The concentration of Carbon Dioxide in the atmosphere steadily increased since the usage of hydrocarbon fuels started with a correlated increase in the global temperature. The transition to Carbon-free nuclear, solar and Hydrogen is driven by the urgency of protecting the planet from excessive warming. Swedish physicist Svante Arrhenius created the first model of climate change when he showed that doubling the amount of CO2 in the atmosphere would raise the world’s temperature by 5 to 6 degrees Celsius (2).

The Inter-Governmental Panel on Climate Change (IPCC) recommends ambitious climate action now and through this decade to keep warming limited to 1.5 degrees Celsius. Their roadmap to realise the 1.5-degree limit is to have 40% of energy by renewables by 2030. By 2040, all power should be green. Complete decarbonisation ultimately depends on using pure hydrogen.

There are many ways of producing Hydrogen. In steam-methane reforming, high-temperature steam (700°C–1,000°C) reacts with Methane aided by a catalyst to produce hydrogen, carbon monoxide, and some carbon dioxide. This is called Grey Hydrogen. Further processes yield ‘Blue Hydrogen’. A competing alternative is to produce Green Hydrogen by electrolysis of water releases Hydrogen and Oxygen. This demands scarce materials such as platinum as catalysts. The cost of green Hydrogen is estimated at ~$4 to $6/kg.

Hydrogen storage for automobiles has to be very safe. New storage tanks Carbon Fibre composites lined with high-density polymer will be used for automobiles. Metal hydrides such as alanates allow high hydrogen storage density. Nanostructured materials may improve absorption volume and incorporated catalysts may improve release (3).

To produce electricity from Hydrogen, fuel cells are used. On contact with the anode, the Hydrogen atoms are ionized and electrons. The “ionized” hydrogen carries a positive electrical charge. The protons pass through the porous electrolyte membrane, while the electrons, going through a circuit generate an electric current. At the cathode, the protons, electrons, and oxygen recombine to form water molecules. With no moving parts, fuel cells are silent and reliable.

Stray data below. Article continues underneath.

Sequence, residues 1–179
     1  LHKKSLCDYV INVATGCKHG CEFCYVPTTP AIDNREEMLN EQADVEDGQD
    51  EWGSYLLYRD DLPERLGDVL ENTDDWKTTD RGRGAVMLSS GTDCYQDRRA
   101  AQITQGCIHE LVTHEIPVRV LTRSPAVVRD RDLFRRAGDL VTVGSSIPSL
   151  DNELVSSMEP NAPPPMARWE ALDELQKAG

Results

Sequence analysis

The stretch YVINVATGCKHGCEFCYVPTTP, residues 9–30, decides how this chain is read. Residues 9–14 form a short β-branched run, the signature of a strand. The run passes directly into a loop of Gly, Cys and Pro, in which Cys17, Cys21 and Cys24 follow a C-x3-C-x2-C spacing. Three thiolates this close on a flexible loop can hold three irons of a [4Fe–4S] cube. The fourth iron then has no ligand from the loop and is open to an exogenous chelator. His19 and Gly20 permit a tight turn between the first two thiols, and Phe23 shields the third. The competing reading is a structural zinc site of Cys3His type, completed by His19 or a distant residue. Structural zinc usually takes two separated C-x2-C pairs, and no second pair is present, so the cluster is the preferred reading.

Hydrogen internal combustion engines (Hydrogen ICE) are nearly identical to their gas counterparts. Direct injection systems introduce the fuel into the cylinders. However, when hydrogen burns with air-fuel ratios that are near stoichiometric, a significant amount of NOx can be created, requiring an exhaust treatment system to remove this (4).

Hydrogen fuel cell vehicles like the Hyundai Nexo, can manage long distances and only take minutes to fill up, in contrast to the hours required to recharge an electric car. Hydrogen fuel cell cars will take time to enter the market because of the higher cost and the lack of fueling facilities.

The Solar-Hydrogen economy is a concept of an energy system based on hydrogen as a zero-carbon energy carrier produced using green electricity. 25 % of all industrial Carbon emissions come from Steel Manufacturing. Steel manufacturing has a carbon footprint of 1.4 tons per ton according to International Energy Agency. With close to 1800 Million tonnes of Steel production, 3.7 Billion tonnes of CO2 is emitted. New processes replace coal-powered blast furnaces with plants using hydrogen, helping to decarbonise steelmaking. The advantage of Hydrogen is that its flame gives a temperature of 2254 C as against 199 for a Methane Flame and 900 for a coal fire.

India has an ambitious plan to enter the Hydrogen economy. 5 Million metric tonnes of Hydrogen production is planned with plans to establish 60–100 GW of electrolysis capacity. The investment is in the range of 8 Lakh Crore. However, if the past transitions are any guide, the transition to a Solar-Hydrogen phase will take at least fifty years, though prodded on by climate change concerns. Our grandchildren shall inherit this future.

0 views0 comments


bottom of page